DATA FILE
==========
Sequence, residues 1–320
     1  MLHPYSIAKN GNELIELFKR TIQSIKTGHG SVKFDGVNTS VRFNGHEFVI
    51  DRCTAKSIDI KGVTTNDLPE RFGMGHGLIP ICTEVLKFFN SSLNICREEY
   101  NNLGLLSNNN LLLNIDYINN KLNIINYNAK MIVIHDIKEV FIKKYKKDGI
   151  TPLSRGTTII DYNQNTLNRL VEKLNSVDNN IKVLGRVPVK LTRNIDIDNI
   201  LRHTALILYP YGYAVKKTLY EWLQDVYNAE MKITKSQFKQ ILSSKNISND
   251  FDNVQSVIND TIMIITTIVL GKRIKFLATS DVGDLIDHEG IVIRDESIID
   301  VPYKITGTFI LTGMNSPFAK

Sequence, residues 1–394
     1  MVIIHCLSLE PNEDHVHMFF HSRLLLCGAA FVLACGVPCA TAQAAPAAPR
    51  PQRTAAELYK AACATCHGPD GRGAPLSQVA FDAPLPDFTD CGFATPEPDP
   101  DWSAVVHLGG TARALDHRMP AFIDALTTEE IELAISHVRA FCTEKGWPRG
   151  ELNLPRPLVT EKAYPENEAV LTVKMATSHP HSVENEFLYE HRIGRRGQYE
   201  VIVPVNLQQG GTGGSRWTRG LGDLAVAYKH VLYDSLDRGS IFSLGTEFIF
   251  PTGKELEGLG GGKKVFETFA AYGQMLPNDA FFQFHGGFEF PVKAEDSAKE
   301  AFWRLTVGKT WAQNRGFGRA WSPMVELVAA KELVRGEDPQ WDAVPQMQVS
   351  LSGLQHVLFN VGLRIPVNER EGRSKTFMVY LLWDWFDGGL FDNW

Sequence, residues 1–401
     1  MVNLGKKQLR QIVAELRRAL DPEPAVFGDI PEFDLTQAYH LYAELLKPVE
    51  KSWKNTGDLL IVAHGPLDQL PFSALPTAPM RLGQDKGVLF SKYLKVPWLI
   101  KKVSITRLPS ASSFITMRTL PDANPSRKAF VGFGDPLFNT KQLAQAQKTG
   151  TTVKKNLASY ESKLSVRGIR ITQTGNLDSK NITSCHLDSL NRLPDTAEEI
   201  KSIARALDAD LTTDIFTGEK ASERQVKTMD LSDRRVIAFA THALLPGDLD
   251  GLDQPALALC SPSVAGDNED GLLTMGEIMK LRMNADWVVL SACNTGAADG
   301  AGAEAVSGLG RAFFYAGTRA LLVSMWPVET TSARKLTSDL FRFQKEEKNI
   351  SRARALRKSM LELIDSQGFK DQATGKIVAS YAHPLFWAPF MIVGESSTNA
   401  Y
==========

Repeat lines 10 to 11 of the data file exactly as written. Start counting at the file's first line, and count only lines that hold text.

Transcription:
     1  MVIIHCLSLE PNEDHVHMFF HSRLLLCGAA FVLACGVPCA TAQAAPAAPR
    51  PQRTAAELYK AACATCHGPD GRGAPLSQVA FDAPLPDFTD CGFATPEPDP